Almost 40 years later, few are revered in Seattle as much as Martinez, who spent all 18 years of his career in a Mariners uniform. Scout Marty Martinez discovered him during a semi-pro game, when Edgar had some off time from his job supervising at a furniture store and his night job at a General Electric factory.
Edgar joins Roberto Clemente (1973), Orlando Cepeda (1999), Roberto Alomar (2011) and Ivan “Pudge” Rodriguez (2017) as Hall of Famers who grew up in Puerto Rico, even though Martinez was born in New York.
Martinez didn’t make his big-league debut until he was 24 and didn’t play his first full season until he was 27, but he compiled an incredible career that included seven All-Star appearances, five Silver Sluggers and two American League batting titles.
The Mariners retired Martinez’s No. 11 jersey in 2017 and it rests alongside Ken Griffey Jr.’s No. 24 and Jackie Robinson’s No. 42 displayed prominently past left-center field at what is now T-Mobile Park. Next to that is Edgar’s Cantina in left field, just off of Edgar Martinez Drive, which used to be Atlantic Street.
Oh, and then-commissioner Bud Selig announced at Martinez’s retirement ceremony in 2004 that MLB was renaming the American League’s top DH award to the Edgar Martinez Outstanding Designated Hitter Award.
Yeah, he’s a Seattle treasure.
“It’s a very special relationship,” Martinez said of Seattle fans. “The fact that I stayed there and I felt supported through all those years, even from the beginning. It’s been a great relationship and they have shown so much support through the years. Even the last 10 years I had been waiting for the call, they showed a lot of support.”
He’s also considered one of the most potent right-handed hitters who has ever played, compiling a career slash line of .312/.418/.515 (batting average, on-base percentage, slugging percentage).
The last player to equal each leg of Martinez’s slash line was Ted Williams. Only five others have accomplished that and all are in the Hall of Fame – Jimmie Foxx, Lou Gehrig, Rogers Hornsby, Babe Ruth and Dan Brouthers.
So maybe it’s only fitting that Interstate-90 starts at the Ted Williams Tunnel in Boston and ends at Edgar Martinez Drive in Seattle.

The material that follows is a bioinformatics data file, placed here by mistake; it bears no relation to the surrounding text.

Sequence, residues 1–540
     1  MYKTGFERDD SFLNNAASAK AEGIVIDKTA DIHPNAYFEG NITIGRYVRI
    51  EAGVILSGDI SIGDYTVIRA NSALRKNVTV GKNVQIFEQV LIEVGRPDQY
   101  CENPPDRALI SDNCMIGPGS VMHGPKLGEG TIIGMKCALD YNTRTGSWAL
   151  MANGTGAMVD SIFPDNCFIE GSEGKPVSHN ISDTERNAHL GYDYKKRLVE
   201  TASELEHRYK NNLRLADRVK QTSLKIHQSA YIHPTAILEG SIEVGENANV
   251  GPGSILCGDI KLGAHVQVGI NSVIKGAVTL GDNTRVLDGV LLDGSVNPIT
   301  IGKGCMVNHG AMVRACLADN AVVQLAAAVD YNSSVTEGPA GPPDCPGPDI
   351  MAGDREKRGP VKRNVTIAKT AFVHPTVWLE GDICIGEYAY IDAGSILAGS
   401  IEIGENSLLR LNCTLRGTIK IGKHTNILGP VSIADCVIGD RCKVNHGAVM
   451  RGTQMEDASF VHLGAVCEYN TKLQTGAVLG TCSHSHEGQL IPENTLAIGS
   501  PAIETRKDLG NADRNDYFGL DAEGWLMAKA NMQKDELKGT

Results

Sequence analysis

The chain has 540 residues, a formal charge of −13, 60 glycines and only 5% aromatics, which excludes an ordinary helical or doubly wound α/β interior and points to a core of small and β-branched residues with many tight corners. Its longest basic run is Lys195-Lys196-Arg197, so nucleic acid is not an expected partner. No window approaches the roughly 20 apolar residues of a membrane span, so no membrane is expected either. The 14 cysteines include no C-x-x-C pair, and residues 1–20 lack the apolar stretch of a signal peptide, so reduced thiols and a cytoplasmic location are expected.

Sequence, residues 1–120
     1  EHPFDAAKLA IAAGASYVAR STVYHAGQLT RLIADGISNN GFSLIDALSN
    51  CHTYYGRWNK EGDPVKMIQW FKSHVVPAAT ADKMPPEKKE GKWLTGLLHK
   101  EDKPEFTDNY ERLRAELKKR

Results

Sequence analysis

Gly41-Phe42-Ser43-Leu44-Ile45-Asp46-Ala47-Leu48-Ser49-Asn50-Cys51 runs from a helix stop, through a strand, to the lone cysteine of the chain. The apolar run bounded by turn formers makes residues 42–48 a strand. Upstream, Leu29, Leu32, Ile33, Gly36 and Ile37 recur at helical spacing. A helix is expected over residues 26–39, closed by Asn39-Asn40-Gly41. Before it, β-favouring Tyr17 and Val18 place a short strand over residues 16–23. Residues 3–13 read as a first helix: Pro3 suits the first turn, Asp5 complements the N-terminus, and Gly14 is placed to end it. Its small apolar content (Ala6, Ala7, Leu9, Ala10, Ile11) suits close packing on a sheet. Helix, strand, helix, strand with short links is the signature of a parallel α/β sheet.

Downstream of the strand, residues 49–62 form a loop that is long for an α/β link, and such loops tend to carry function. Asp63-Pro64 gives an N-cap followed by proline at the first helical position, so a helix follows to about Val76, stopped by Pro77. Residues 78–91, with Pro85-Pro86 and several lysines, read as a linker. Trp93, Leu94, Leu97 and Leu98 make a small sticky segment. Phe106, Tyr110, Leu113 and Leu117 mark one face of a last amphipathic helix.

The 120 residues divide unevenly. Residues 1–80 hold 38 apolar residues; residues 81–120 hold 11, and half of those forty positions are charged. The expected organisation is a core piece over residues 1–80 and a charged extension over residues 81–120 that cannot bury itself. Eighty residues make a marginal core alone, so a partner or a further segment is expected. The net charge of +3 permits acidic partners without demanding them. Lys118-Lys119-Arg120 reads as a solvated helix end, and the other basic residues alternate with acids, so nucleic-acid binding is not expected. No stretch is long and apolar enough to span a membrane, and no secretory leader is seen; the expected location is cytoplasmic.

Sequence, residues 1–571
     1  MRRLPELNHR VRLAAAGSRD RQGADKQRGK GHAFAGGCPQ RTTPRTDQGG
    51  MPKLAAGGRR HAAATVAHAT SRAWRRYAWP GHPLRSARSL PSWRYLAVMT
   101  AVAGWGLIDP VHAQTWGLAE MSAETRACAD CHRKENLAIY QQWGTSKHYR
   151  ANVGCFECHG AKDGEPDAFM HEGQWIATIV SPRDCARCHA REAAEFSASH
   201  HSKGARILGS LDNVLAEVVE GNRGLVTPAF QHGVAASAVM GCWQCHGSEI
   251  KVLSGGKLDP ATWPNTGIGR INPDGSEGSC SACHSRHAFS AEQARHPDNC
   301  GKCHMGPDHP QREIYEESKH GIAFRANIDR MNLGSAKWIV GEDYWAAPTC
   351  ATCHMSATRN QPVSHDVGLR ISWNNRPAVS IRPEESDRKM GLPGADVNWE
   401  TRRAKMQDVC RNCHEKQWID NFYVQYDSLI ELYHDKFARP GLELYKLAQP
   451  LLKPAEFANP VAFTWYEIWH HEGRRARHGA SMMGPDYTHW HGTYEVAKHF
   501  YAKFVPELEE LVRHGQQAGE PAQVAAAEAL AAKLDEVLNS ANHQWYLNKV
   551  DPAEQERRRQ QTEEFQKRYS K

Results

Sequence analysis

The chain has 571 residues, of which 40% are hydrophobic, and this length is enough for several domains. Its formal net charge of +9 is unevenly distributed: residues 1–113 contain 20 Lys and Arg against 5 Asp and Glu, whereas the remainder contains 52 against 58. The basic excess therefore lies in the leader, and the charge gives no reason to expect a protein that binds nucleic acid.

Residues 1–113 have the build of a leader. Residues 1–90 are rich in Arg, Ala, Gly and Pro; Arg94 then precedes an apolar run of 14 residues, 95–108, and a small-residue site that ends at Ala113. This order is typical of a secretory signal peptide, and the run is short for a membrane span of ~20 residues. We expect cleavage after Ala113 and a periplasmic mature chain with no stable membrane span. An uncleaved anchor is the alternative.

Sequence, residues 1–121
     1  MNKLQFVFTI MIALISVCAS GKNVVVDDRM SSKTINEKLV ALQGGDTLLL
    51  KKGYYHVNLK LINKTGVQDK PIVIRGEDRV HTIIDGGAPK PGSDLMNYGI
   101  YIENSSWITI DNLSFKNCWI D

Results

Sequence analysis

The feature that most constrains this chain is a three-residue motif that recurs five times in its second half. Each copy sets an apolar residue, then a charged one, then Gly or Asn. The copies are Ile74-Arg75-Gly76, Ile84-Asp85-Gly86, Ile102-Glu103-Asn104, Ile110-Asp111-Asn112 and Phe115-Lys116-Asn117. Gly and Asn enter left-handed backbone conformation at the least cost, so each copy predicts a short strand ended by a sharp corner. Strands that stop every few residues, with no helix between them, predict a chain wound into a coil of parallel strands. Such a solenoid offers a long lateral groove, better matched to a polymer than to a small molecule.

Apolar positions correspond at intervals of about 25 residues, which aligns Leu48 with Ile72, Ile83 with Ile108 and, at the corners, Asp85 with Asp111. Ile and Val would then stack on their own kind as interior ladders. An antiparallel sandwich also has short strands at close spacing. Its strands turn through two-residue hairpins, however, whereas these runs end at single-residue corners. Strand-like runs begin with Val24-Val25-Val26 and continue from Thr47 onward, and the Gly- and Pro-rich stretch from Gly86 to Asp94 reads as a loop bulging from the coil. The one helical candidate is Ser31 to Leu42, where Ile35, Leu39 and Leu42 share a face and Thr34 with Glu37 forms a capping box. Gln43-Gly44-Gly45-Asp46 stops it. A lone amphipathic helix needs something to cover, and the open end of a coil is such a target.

Both directions now point to Cooperstown.
BASEBALL HALL OF FAME
Edgar Martinez, in his 10th and final year on the Baseball Writers Association of America ballot, joins what was 325 players total enshrined in the National Baseball Hall of Fame, headquartered in Cooperstown, New York. He’ll be officially inducted during a ceremony there this summer.
He’s also one of five former Mariners players in the Hall, although only Ken Griffey Jr. is in with a Mariners cap. The others were enshrined with other clubs.
Years in Seattle
Ken Griffey Jr.
Pat Gillick (executive)
Rich “Goose” Gossage
New York Yankees
Dick Williams (manager)
San Francisco Giants
Edgar Martinez is one of four players to earn induction in the 2019 Hall of Fame class, joining Mariano Rivera, Roy Halladay and Mike Mussina. Here’s how the Baseball Writers Association of America votes shaped out (at least 75 percent is needed):
Mariano Rivera 425 (100 percent)
Roy Halladay 363 (85.4)
Edgar Martínez 363 (85.4)
Mike Mussina 326 (76.7)
Curt Schilling 259 (60.9)
Roger Clemens 253 (59.5)
Barry Bonds 251 (59.1)
Larry Walker 232 (54.6)
Omar Vizquel 182 (42.8)
Fred McGriff 169 (39.8)
Manny Ramírez 97 (22.8)
Jeff Kent 77 (18.1)
Billy Wagner 71 (16.7)
Todd Helton 70 (16.5)
Scott Rolen 73 (17.2)
Gary Sheffield 58 (13.6)
Andy Pettitte 42 (9.9)
Sammy Sosa 36 (8.5)
Andruw Jones 32 (7.5)
Michael Young 9 (2.1)
Lance Berkman 5 (1.2)
Miguel Tejada 5 (1.2)
Roy Oswalt 4 (0.9)
Plácido Polanco 2 (0.5)
Rick Ankiel 0
Jason Bay 0
Freddy García 0
Jon Garland 0
Travis Hafner 0
Ted Lilly 0
Derek Lowe 0
Darren Oliver 0
Juan Pierre 0
Vernon Wells 0
Kevin Youkilis 0